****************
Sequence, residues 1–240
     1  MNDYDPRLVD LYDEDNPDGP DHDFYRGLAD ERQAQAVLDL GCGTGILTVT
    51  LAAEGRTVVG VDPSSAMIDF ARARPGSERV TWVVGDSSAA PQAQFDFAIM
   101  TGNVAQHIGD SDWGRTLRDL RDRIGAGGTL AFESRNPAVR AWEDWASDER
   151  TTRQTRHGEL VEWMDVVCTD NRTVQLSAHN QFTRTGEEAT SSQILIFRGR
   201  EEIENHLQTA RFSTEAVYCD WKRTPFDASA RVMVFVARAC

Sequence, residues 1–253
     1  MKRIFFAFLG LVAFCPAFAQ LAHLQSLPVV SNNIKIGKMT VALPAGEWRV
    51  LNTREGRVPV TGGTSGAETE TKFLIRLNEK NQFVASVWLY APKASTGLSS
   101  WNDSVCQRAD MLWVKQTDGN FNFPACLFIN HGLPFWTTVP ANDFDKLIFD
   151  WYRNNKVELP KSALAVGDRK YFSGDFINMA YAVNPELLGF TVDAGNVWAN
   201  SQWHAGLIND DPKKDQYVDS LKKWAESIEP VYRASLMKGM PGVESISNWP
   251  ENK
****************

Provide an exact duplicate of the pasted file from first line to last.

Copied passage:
Sequence, residues 1–240
     1  MNDYDPRLVD LYDEDNPDGP DHDFYRGLAD ERQAQAVLDL GCGTGILTVT
    51  LAAEGRTVVG VDPSSAMIDF ARARPGSERV TWVVGDSSAA PQAQFDFAIM
   101  TGNVAQHIGD SDWGRTLRDL RDRIGAGGTL AFESRNPAVR AWEDWASDER
   151  TTRQTRHGEL VEWMDVVCTD NRTVQLSAHN QFTRTGEEAT SSQILIFRGR
   201  EEIENHLQTA RFSTEAVYCD WKRTPFDASA RVMVFVARAC

Sequence, residues 1–253
     1  MKRIFFAFLG LVAFCPAFAQ LAHLQSLPVV SNNIKIGKMT VALPAGEWRV
    51  LNTREGRVPV TGGTSGAETE TKFLIRLNEK NQFVASVWLY APKASTGLSS
   101  WNDSVCQRAD MLWVKQTDGN FNFPACLFIN HGLPFWTTVP ANDFDKLIFD
   151  WYRNNKVELP KSALAVGDRK YFSGDFINMA YAVNPELLGF TVDAGNVWAN
   201  SQWHAGLIND DPKKDQYVDS LKKWAESIEP VYRASLMKGM PGVESISNWP
   251  ENK